When totaled, a landscaping job can cost clients anywhere from $50 for basic lawn mowing and care jobs to $7,000 for advanced, labor-intensive complex jobs.

Several factors influence landscaping costs:

  • Client location: Where the clients want landscaping services can affect the total cost. Backyard landscaping is usually more expensive because clients usually want more work, while front yards tend to be cheaper because the work is simpler.
  • Project type: Naturally, what you’re expected to do will affect what you should charge. Simple lawn mowing and maintenance will cost less, while elaborate landscaping like installing water features and gazebos will cost more.
  • Client yard size: Depending on the yard size, you can charge by the square foot or by the acre. You can profit from large yards by charging by the acre because it’s cheaper to stay and service one place, especially when you compare it to the time, effort, and expense of servicing multiple, smaller clients.
  • Yard layout and terrain: Some yards may have hilly terrain or obstacles and objects (e.g. trees or structures) that make them more challenging to work on. More complicated yards will need more labor hours and thus cost more to work on.

How much do landscapers make per hour?

American landscapers make $15 per hour on average. That said, a landscaper’s hourly wages can range from $8 per hour to $22 per hour, based on their area, skill level, and experience in landscaping.

Landscapers in Washington, D.C. are the most well-paid in the country, with an average hourly wage of $18.50.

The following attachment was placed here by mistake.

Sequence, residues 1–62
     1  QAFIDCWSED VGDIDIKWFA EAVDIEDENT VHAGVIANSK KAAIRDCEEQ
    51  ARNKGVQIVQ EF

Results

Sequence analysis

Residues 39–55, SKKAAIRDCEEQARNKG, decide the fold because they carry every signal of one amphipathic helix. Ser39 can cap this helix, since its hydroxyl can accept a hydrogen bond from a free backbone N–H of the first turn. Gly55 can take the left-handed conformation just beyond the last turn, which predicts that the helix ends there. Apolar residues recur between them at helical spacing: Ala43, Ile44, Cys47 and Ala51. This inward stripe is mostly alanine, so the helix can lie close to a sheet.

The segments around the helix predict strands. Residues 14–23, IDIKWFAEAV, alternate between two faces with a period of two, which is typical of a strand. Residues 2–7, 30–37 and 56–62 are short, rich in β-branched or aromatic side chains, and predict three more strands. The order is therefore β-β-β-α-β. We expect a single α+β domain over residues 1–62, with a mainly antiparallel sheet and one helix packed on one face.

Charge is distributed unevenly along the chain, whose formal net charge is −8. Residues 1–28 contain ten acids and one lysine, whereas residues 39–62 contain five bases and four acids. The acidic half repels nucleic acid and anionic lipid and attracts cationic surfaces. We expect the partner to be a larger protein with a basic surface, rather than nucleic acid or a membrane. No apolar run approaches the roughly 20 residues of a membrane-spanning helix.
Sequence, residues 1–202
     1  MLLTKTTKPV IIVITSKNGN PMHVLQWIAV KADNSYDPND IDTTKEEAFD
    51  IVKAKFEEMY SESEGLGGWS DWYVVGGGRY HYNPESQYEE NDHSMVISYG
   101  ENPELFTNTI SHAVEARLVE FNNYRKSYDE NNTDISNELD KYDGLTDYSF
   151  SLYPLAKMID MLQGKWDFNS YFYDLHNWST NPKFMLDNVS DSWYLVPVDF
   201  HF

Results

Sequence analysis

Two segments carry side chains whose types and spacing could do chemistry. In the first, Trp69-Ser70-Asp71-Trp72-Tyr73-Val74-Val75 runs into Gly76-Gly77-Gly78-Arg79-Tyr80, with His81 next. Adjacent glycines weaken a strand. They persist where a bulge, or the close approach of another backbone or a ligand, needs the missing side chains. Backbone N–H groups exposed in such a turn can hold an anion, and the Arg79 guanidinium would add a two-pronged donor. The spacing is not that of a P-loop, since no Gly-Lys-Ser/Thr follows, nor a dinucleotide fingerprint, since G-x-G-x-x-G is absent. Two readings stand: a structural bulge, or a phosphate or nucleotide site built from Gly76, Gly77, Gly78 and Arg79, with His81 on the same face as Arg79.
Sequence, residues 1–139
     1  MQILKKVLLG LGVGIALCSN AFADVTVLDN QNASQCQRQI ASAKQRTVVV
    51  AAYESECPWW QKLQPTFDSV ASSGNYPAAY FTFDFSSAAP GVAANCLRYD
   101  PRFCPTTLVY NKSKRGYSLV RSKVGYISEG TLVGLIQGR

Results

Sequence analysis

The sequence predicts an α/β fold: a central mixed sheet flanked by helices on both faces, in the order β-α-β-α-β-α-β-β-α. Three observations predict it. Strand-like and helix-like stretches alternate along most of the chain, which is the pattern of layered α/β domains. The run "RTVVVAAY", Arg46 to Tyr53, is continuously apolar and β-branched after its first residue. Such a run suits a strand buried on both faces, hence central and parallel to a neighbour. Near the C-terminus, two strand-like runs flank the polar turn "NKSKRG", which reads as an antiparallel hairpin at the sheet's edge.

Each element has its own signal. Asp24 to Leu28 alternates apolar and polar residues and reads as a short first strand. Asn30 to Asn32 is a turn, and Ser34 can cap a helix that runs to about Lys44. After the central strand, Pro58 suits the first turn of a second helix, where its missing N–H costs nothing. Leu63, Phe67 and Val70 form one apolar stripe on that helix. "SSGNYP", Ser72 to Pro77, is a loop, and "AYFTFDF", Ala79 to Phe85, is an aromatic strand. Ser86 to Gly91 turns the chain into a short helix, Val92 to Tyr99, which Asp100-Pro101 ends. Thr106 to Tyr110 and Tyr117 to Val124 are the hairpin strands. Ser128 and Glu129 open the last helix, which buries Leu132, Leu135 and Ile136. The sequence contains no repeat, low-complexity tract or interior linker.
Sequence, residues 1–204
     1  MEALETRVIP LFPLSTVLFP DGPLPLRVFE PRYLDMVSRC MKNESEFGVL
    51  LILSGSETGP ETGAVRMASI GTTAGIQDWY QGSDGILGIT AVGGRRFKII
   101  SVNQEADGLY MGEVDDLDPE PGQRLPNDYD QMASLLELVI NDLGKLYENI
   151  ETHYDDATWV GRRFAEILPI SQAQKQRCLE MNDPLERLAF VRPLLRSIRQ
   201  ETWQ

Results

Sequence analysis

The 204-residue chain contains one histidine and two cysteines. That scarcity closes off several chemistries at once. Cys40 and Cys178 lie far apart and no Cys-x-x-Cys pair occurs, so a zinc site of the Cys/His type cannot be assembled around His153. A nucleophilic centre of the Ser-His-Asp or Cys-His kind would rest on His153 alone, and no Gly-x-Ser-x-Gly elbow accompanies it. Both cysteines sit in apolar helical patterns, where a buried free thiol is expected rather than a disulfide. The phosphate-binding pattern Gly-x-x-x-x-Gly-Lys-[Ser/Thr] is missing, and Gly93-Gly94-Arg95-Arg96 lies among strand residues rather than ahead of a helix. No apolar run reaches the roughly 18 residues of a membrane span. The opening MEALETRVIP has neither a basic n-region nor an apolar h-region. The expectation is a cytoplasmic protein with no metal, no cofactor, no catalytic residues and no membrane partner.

This means they bring home an annual salary of $38,490. Meanwhile, Puerto Rican landscapers are among the lowest-paid, with an hourly average wage of $9.84 for a total annual salary of $20,470.

If you’re looking for the best places to become a landscaper, you may want to consider areas like Martha’s Vineyard and Nantucket Island, where landscapers can earn up to $52,000 a year. You can earn up to $44,000 annually in other high-value areas like Southeast Alaska and San Francisco.

However, keep in mind that high-paying metropolitan areas tend to have stiff competition among landscapers.

California boasts almost 107,000 landscaping businesses, with 32,000 in the Los Angeles area alone. Conversely, areas like Alaska and Washington D.C. have less than 1,000 landscaping businesses.

Why do landscape contractors use automated estimating?

Landscape contractors use automated estimating to save time and money. By creating estimates faster, they can get jobs approved, get to work, and get paid quicker.

Here are more reasons why landscapers like using automated estimating software:

  • Automated estimating software saves time: Automated estimating software eliminates the inefficiencies of using manual tools to calculate a job estimate. This way, you can reliably create estimates within minutes instead of hours.
  • Estimating software prevents errors: We’re all prone to human error. Automated estimating software allows you to create accurate and professional-looking estimates in a few clicks. This prevents conflict and confusion with the client while ensuring you get paid what you deserve.
  • Automated estimating makes them more competitive: You’re likely not the only landscaping business in town. Coming up with faster estimates means you stand a better chance of gaining a client’s business. You can get your estimate approved before another company even has a chance to send theirs!

Image credit: Tomasz Zajda via AdobeStock